May 11, 2013
A spokesman at the patriarchate in Istanbul said they had been informed that one person had been arrested and that others were being sought.
Turkish media said the arrested suspect, identified as Serdar A., allegedly planned to assassinate Bartholomew I on May 29, the 560th anniversary of the Turkish capture of Constantinople, present day Istanbul.
“Police have strengthened security at the patriarchate,” said spokesman Father Dositheos Agnathostomatous. “It is doing everything to ensure the security of the patriarchate and the patriarch.”
Agnathostomatous said however that Bartholomew I, the Archbishop of Constantinople, did not take the plot very seriously.
“His holiness does not believe that it is something serious,” he said.
The development comes as several incidents have sown concerns among Turkey’s Christian minority, which numbers 100,000 people.
On May 5, a man fired blanks outside an Armenian church in Istanbul, sowing panic among worshipers celebrating Easter, and a young Armenian was beaten outside another church.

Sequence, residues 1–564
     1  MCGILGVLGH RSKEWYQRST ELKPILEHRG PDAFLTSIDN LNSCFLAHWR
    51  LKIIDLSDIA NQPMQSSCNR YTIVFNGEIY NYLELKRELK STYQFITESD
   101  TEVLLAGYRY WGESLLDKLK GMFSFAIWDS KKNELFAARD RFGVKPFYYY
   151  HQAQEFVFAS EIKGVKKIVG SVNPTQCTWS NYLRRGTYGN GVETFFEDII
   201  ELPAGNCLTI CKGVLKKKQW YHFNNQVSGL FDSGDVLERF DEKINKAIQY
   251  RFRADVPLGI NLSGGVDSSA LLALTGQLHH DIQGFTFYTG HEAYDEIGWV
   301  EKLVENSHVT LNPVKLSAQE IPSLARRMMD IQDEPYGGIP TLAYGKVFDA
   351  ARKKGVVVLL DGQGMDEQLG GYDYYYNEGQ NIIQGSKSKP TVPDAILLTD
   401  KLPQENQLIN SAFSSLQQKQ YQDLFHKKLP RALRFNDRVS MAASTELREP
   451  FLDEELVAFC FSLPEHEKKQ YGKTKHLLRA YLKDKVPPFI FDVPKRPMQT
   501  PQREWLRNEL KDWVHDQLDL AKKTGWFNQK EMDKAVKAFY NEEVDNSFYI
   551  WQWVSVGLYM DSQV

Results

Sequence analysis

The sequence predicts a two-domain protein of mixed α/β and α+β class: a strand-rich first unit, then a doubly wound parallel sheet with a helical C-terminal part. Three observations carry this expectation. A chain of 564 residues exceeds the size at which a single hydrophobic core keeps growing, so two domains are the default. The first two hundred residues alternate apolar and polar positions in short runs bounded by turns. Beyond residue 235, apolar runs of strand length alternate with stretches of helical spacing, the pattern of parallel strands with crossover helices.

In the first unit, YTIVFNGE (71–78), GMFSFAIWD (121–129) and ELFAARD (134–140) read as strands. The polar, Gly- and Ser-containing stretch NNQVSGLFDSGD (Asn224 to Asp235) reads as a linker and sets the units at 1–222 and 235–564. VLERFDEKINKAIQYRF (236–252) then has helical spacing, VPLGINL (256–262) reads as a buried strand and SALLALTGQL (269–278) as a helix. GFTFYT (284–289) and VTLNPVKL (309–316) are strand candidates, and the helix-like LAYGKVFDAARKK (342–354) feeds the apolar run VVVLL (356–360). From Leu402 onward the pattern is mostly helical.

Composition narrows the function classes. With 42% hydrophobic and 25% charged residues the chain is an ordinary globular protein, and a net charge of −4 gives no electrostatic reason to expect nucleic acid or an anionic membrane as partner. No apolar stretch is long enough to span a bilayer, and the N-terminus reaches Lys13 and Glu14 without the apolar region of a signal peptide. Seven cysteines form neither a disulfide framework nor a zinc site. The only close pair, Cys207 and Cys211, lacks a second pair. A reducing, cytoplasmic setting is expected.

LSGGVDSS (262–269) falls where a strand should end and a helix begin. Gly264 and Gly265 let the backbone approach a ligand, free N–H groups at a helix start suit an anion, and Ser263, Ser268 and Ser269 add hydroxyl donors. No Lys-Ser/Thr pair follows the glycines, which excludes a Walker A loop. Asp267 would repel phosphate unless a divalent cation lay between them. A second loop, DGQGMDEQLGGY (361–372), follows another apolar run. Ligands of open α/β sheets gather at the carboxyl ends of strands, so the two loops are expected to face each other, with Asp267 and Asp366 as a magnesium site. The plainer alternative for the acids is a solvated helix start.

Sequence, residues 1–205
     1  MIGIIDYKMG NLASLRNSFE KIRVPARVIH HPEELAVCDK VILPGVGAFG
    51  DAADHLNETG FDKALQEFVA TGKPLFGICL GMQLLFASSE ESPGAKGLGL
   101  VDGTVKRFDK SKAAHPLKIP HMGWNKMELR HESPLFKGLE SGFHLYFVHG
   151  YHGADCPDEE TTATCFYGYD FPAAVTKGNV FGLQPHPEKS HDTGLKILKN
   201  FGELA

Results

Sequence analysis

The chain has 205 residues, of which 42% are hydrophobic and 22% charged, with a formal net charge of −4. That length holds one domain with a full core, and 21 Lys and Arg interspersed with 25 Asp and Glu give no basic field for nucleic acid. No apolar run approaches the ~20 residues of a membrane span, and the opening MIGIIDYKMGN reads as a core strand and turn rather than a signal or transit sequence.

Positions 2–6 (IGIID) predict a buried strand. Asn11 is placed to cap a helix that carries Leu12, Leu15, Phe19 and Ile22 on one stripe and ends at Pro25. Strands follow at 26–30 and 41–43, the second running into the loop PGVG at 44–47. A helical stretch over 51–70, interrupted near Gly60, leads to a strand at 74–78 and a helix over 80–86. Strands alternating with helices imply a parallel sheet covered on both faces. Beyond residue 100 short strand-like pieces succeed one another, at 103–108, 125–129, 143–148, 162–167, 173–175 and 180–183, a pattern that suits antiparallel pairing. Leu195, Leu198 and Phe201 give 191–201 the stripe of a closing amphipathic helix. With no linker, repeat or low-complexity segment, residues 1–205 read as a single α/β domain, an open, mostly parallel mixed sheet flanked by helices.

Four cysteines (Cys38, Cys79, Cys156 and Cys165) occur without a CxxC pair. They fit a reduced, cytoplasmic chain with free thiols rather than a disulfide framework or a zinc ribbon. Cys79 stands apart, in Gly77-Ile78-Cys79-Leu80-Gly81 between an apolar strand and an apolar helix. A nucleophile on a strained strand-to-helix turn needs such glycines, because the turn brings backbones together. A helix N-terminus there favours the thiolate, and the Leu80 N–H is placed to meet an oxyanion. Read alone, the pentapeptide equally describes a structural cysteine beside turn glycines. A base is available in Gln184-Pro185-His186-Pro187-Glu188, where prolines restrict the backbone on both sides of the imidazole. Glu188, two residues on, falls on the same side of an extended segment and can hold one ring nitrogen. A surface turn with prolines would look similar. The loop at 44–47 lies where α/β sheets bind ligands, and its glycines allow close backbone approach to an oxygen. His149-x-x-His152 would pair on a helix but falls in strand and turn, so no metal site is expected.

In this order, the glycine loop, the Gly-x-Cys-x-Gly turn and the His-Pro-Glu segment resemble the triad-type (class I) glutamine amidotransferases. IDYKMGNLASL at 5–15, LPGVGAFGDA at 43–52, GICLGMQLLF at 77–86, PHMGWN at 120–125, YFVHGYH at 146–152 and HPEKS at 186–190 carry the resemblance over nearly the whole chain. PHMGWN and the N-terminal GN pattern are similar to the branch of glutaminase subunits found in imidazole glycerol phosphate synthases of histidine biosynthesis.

On April 28, a Greek Orthodox church was vandalized by a dozen teenagers. The day before, between 30 to 40 stone-throwing people smashed windows at an evangelical church.
In recent years, there have been other attacks against Christians in this overwhelmingly Muslim but secular country.
In April 2007, three Protestants had their throats slit in the eastern city of Malatya. Five Turkish suspects face life sentences for the crime.
An Italian Catholic priest was shot dead in a church in Trabzon, northern Turkey in 2006. In July 2006, a Catholic French cleric was stabbed in Samsun, also in the north.
Italian bishop Luigi Padovese, 63, was killed in June 2010, allegedly by his driver, who reportedly suffered from psychological problems.